Although I’ve worked in the social media space for about a decade (haven’t we all, in one form or another), it wasn’t until this time last year I actually become an active participant in it by joining Twitter and Linked IN (this is nothing new – I didn’t own a TV when I worked in TV either).
As a naturally (fiercely) private individual, and, historically, a very time-poor one, I just couldn’t see a need for Twitter in my life.
A year down the line, I can honestly say being on Twitter has enriched it in many ways – so I thought I’d share seven things my year in the Twittersphere has taught me.
Twitter takes time
Just as you can’t build a brand overnight, neither can you build a following on Twitter (unless, of course, you’re Caitlyn Jenner).
Oh, those first desperate days when everyone you follow is wrapped in the warmth of the crowd, while you, lonely straggler, have only the kindness of those you know to keep you company.
The dedicated will attend to this and mass-follow at a sitting, and this is one way to ramp up the numbers (a fair percentage of people, like myself, tend to default follow back as a matter of politeness unless someone looks really scary), but I think the numbers alone aren’t really a worthwhile pursuit (I’ve, perplexingly, seen accounts that only have one aged tweet posted and hundreds of thousands of followers – what’s that all about? I never bother to follow those).
As with building any network, I think quality is far more important than quantity.
Getting to know your audience, their interests and issues, is surely the best way to keep whatever you’re chirruping about even slightly relevant and interesting to them, and that’s the goal, isn’t it – to be having interesting conversations and gaining different insights on Twitter – otherwise, why bother?
Lesson 1: If you’re starting out on Twitter, take your time, and put some time into it (also, take note, time flies scrolling on Twitter – and many a meal can be ruined that way).
Twitter changes the conversation
The twists and turns of Twitter and its timelines are a subject of endless fascination – not least to the media. Doesn’t it stagger you how much the social media commentary around a story is the story now?
Of course, it’s not all that surprising when the things people say on Twitter are so staggeringly prejudiced, ill-informed, cruel and sensational.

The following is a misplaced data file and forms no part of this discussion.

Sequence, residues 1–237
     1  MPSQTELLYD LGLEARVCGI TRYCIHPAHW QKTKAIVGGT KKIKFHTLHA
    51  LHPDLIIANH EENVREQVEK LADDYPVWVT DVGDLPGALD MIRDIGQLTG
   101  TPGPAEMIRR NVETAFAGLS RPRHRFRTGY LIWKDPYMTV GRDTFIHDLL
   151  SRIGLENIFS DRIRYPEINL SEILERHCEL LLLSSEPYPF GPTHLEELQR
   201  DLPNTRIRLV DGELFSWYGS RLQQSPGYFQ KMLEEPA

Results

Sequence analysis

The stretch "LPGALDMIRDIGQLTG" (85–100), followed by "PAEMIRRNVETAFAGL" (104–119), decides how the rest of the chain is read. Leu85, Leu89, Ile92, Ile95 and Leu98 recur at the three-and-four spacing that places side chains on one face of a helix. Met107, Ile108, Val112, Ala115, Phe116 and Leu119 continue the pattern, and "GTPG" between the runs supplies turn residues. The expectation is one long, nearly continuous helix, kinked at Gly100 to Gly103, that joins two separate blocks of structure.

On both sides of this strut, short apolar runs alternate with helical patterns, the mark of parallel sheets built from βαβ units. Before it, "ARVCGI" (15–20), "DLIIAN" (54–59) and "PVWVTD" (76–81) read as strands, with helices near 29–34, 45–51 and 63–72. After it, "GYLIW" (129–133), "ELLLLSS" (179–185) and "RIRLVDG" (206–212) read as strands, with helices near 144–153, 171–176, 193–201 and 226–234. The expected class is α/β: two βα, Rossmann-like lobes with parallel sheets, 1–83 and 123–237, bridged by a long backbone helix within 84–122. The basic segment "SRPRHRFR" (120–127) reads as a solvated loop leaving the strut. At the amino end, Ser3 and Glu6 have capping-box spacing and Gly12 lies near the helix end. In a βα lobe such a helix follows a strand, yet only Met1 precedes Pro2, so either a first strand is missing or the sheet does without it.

If I were a conspiracy theorist and thought people really did know what they were doing, I’d think these Twitter Storms were often created to cloud the debate. Sadly, I think people aren’t as smart as that and are just tweeting-fingered trigger-happy, and genuinely stupid.
Lesson 2: You can’t control the conversation – and anything you say could come back to haunt you.
Twitter automation can kill the conversation
It took me a little while to realise the difference between automated ‘Thanks for following’ messages and organic ones. Yes, I did mistakenly reply to a couple of automated ones and probably got unfollowed as a result.
I see the logic of them, particularly as a promotional tool, but I’m not particularly fond of them. Perhaps that’s why it’s so thrilling to get a real, live, hand-typed message – and I’ve had some great conversations with people who’ve done this.
In fact, I really wish I’d done this from the start, personally replied to everyone that follows (or, at least, those who are clearly identifiable as an actual human being). It would have been a nice touch.
Lesson 3: Keeping it real, keeping it human, is far more engaging than automation (in pretty much any context, come to think of it).
Twitter anonymity tends to the inflammatory
This is a dangerous one to confess: I’m yet to be trolled. This is worrying on many fronts.
Am I, just a year in, experiencing a false sense of security in the harmonious bosom of my Twitter family?
Am I such a glass-of-water personality (i.e. there at the table, but not bringing much flavour) that the trolls can’t be bothered with me?
Am I, by confessing I’m yet to be bothered by them, encouraging them to bring it on?